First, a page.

She herself was delighted with her large family and would have been glad to have had a few more. But she had seen enough of life and the tragedy of poverty-stricken mothers worn out by childbearing and overwhelmed by too many children not to be outraged on their behalf.
...In her old age, she became something of an old-fashioned fanatic, traveling to the Philippines, India, and Israel, visiting clinics, and exchanging "lore." As a spry old lady of eighty-four, shod in blue sneakers and leaning on a cane, she went with my sister Linda, at that time head of an adoption agency in Washington, D.C., to an International Conference of Social Work in Rome. They stopped in London, then flew on to Istanbul, Tel Aviv, and Athens, but not until they reached Belgrade did my sister, much to her horror, discover as my mother's battered old suitcase fell open that it was stuffed with contraceptives of all sorts and sizes. As my sister rather bemusedly remarked to my mother, "Why, Mother, you never taught me to travel that way!"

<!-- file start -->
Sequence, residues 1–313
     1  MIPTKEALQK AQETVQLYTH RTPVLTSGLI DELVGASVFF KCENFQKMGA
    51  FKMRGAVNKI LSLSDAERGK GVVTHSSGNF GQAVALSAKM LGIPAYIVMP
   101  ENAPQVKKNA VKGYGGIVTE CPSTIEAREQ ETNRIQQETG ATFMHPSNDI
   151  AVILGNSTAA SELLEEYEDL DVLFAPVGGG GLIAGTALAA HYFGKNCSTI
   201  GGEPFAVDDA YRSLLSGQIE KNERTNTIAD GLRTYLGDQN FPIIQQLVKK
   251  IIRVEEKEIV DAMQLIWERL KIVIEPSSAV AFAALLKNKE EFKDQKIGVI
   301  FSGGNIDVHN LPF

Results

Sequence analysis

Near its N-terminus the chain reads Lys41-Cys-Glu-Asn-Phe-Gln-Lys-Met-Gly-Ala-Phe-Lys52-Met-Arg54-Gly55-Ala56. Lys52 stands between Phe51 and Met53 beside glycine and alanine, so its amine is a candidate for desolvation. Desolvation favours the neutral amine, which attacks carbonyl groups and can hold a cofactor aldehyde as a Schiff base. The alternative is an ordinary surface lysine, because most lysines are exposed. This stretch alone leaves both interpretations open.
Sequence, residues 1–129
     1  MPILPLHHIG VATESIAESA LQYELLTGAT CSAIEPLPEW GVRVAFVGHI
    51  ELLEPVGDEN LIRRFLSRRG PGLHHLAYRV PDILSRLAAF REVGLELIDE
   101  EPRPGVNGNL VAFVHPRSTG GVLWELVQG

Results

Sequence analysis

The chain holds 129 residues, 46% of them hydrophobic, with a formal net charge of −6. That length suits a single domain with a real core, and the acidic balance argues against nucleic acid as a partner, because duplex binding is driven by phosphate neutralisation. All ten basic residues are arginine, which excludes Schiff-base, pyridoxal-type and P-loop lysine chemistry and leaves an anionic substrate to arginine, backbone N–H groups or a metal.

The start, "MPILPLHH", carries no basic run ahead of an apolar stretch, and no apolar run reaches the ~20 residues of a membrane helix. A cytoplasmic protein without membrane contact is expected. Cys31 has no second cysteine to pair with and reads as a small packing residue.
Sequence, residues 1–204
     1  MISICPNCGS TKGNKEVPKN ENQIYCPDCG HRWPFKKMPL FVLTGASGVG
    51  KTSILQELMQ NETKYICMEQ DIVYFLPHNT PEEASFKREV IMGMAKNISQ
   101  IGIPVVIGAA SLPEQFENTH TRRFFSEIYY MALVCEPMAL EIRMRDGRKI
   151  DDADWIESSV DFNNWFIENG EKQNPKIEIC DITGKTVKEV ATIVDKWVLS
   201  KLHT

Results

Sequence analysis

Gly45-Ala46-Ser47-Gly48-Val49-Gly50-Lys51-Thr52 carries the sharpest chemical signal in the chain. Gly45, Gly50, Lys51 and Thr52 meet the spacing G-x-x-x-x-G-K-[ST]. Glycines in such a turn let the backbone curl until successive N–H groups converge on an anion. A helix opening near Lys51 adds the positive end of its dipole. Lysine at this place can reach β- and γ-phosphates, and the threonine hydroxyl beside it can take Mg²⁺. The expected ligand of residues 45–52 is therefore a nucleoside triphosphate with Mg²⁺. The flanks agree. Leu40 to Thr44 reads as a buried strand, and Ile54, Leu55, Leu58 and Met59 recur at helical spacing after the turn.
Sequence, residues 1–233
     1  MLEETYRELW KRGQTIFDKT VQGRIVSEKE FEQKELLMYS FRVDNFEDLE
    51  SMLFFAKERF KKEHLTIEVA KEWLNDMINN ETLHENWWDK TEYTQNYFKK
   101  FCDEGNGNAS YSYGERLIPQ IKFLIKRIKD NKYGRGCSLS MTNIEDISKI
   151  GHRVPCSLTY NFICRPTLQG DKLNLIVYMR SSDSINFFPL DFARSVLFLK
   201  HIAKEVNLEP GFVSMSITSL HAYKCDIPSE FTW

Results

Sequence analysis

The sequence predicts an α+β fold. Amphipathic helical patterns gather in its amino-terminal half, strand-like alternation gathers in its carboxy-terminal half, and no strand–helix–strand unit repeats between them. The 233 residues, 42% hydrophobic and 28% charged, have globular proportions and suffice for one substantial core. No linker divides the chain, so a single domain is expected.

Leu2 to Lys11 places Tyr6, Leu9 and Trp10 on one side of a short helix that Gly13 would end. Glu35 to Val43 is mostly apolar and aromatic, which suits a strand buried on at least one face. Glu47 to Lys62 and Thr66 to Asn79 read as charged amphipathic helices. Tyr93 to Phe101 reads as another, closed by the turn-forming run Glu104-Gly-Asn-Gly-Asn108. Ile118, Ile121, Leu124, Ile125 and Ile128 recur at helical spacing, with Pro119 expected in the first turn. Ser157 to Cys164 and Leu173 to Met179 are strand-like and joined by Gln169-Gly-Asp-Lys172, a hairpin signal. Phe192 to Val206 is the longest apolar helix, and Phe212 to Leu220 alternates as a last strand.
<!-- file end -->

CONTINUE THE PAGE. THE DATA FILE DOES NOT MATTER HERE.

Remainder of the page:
...Abortion clinics seemed to be the chief answer to the birth control problem in Yugoslavia. My mother insisted on visiting various examples of the clinics, leading my long-suffering sister through malodorous back alleys and up fetid back stairs into these sordid establishments where she spread the word and apparently the contraceptives, for my sister remarked that when they reached Rome, my mother's suitcase was empty.
- Marian Cannon Schlesinger, Snatched from Oblivion: A Cambridge Memoir (Little, Brown, 1979)